Petition To "Shut Down" Rotten Tomatoes Withdrawn

With over 17,000 signatures by the time he was done, Abdullah Coldwater withdrew his [...]

Suicide Squad Rotten

With over 17,000 signatures by the time he was done, Abdullah Coldwater withdrew his petition to demand Rotten Tomatoes shut down, saying that he didn't expect it to become such a big deal.

"In fact i started this petition to gather DC fans to express our anger just for fun. I didn't mean it to be taken that serious," writes Coldwater, who started and administered the petition. "After thinking, I found this petition is pointless. And the only thing that it does is spreading a speech of hate and online fighting among the supporters and objectors . The movies is [sic] something to enjoy. And the hate and fight is the opposite of enjoying."

During the two days that the petition was online, it garnered a lot of media attention -- almost all of which was exasperated reports about fan entitlement and a whole lot of snark and meanness directed at Coldwater and those who signed his petition. His response, right up until he decided to close the whole thing down, was to continually post links and embed tweets in the petition's update feature, giving anybody who might consider signing a pretty complete picture of both the positive and negative responses the petition was getting.

Coldwater credits his decision mainly to a pair of YouTube videos, which you can check out at the preceding links.

Coldwater had launched the petition after the first wave of Suicide Squad reviews came back and they were significantly more negative than fans had expected based on a handful of well-received trailers. The petition claimed that DC's movies were being penalized too harshly by the binary nature of Rotten Tomatoes's review scoring system.

Currently, the movie review aggregator -- which collects the reviews of critics that meet their requirements, converts their reviews to simple "fresh" or "rotten" (good or bad) judgments, and then assigns a score to the movie based on the percentage of "fresh" reviews, has Batman v Superman sitting at 27%, Suicide Squad at 32%, and Man of Steel at 55%.

Fans scored Batman v Superman 65% fresh, and Man of Steel at 75%. Suicide Squad hasn't yet opened up fan voting because the movie's official release happens tomorrow at 6 p.m.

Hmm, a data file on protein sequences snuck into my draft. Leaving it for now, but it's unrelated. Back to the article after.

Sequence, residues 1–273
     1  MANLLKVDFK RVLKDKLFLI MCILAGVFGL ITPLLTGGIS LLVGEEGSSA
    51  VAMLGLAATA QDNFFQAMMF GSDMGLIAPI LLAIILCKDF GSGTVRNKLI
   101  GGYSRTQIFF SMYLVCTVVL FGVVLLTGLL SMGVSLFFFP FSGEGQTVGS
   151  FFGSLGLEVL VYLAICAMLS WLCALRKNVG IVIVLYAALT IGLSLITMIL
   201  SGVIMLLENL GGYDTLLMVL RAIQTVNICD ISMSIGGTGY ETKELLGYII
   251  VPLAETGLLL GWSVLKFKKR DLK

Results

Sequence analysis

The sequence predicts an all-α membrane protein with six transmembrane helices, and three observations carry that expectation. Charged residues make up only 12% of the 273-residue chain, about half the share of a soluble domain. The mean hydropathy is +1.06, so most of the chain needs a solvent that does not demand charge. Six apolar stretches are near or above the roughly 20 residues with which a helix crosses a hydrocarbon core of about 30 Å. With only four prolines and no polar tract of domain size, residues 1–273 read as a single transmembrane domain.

Metacritic, another review aggregator with a different method for calculating the "real" score, comes up with 44% for both Suicide Squad and Batman v Superman. Batman v Superman currently has a 7 (out of 10) rating with fans on Metacritic.

The difference in scores between Rotten Tomatoes' 32% and Metacritic's 44 for Suicide Squad likely comes down to who's being asked. Metacritic draws from a different pool of reviews than does Rotten Tomatoes, and they take things into account like the actual "score" in a review. While an A+ rating can earn a movie 100 "points" toward a weighted average at Metacritic while a C+ earns it just 58, Rotten Tomatoes would assign both of those reviews a "fresh" rating and the same score. See also a C- score versus an F for "rotten" movies.

Rotten Tomatoes also tends to skew more toward traditional media, with the internet -- particularly fan and specialty press outlets -- less or unrepresented. This means that the people who are most enthusiastic about certain types of films -- particularly things like non-Marvel comic book movies, which are made to preach to an audience of the converted -- tend to take a hit. There's a (not entirely unfounded) perception that Marvel Studios have more success with "traditional" critics because they've cracked the code to making broadly appealing superhero fare, essentially by taking action movie conventions and using them to tell superhero stories.